Dr. Carissa Baker Smith is a preventive and transplant cardiologist whose research includes a high concentration of work looking at the social determinants of health and working to mitigate health disparities for patients with congenital heart disease.
She sat down with us when we took the podcast on the road to the 8th World Congress of Pediatric Cardiology and Cardiac Surgery, a biennial gathering of international experts. Dr. Baker-Smith was there to moderate panel discussions on topics ranging from her area of specialty to the need for diversity in the health care workforce, all of which we discuss.
Thanks for tuning in today! How do you go well beyond medicine? How do you celebrate it? Please visit NemoursWellBeyond.org to submit a comment or leave a voicemail — you just might be featured on an upcoming episode of the show. You can also catch all of our episodes at NemoursWellBeyond.org and sign up for our monthly newsletter.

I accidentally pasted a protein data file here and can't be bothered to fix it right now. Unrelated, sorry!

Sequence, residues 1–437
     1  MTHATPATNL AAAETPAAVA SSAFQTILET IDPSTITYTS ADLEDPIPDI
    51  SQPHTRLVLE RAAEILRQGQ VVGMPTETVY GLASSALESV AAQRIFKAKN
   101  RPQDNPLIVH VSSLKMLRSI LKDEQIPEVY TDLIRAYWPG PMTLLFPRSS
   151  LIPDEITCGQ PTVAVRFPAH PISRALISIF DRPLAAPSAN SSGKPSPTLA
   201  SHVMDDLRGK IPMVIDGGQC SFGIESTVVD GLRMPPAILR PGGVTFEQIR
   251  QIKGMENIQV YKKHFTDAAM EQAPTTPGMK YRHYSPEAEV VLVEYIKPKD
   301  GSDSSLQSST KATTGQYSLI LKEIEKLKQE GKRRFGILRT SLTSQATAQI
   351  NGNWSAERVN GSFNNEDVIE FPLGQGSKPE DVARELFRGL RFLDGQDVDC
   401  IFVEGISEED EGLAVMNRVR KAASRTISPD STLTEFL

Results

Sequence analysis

Carol Vassar, producer and host
Carissa Baker-Smith, MD, MPH, MS, Director of Preventive Cardiology
Nemours Children’s Cardiac Center, Delaware Valley
Well Beyond Medicine Episode 29, Transcript
Carol Vassar, podcast host/producer (00:00):
Welcome to Well Beyond Medicine, the Nemours Children’s Health Podcast. Each week we’ll explore anything and everything related to the 80% of child health impacts that occur outside the doctor’s office. I’m your host, Carol Vassar. And now that you are here, let’s go.
Well beyond medicine!
Carissa Baker-Smith, MD, Nemours (00:27):
Well beyond medicine means thinking outside of the walls of the institution, what policies, what neighborhood-level factors, individual-level factors are contributing to that disease prevalence and risk.
Carol Vassar, podcast host/producer (00:43):